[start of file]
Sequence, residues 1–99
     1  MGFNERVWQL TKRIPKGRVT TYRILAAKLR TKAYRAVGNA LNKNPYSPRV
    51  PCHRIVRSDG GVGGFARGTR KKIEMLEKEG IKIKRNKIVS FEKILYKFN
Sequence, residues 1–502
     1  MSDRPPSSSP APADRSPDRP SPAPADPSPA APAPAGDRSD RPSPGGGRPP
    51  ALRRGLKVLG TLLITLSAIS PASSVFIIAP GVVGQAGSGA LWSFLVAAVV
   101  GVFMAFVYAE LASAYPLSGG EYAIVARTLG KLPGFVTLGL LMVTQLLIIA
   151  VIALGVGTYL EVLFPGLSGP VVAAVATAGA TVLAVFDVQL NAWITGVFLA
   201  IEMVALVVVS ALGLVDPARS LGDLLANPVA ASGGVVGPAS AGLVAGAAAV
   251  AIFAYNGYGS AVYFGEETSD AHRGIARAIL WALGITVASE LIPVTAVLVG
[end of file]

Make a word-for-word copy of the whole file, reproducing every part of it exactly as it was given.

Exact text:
Sequence, residues 1–99
     1  MGFNERVWQL TKRIPKGRVT TYRILAAKLR TKAYRAVGNA LNKNPYSPRV
    51  PCHRIVRSDG GVGGFARGTR KKIEMLEKEG IKIKRNKIVS FEKILYKFN
Sequence, residues 1–502
     1  MSDRPPSSSP APADRSPDRP SPAPADPSPA APAPAGDRSD RPSPGGGRPP
    51  ALRRGLKVLG TLLITLSAIS PASSVFIIAP GVVGQAGSGA LWSFLVAAVV
   101  GVFMAFVYAE LASAYPLSGG EYAIVARTLG KLPGFVTLGL LMVTQLLIIA
   151  VIALGVGTYL EVLFPGLSGP VVAAVATAGA TVLAVFDVQL NAWITGVFLA
   201  IEMVALVVVS ALGLVDPARS LGDLLANPVA ASGGVVGPAS AGLVAGAAAV
   251  AIFAYNGYGS AVYFGEETSD AHRGIARAIL WALGITVASE LIPVTAVLVG